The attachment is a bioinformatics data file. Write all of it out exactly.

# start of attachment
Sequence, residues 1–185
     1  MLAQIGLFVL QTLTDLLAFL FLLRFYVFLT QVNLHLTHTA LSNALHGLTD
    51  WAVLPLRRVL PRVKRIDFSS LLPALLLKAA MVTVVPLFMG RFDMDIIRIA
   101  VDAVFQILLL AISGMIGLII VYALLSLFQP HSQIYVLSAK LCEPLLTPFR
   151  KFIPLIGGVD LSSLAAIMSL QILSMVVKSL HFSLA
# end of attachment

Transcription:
Sequence, residues 1–185
     1  MLAQIGLFVL QTLTDLLAFL FLLRFYVFLT QVNLHLTHTA LSNALHGLTD
    51  WAVLPLRRVL PRVKRIDFSS LLPALLLKAA MVTVVPLFMG RFDMDIIRIA
   101  VDAVFQILLL AISGMIGLII VYALLSLFQP HSQIYVLSAK LCEPLLTPFR
   151  KFIPLIGGVD LSSLAAIMSL QILSMVVKSL HFSLA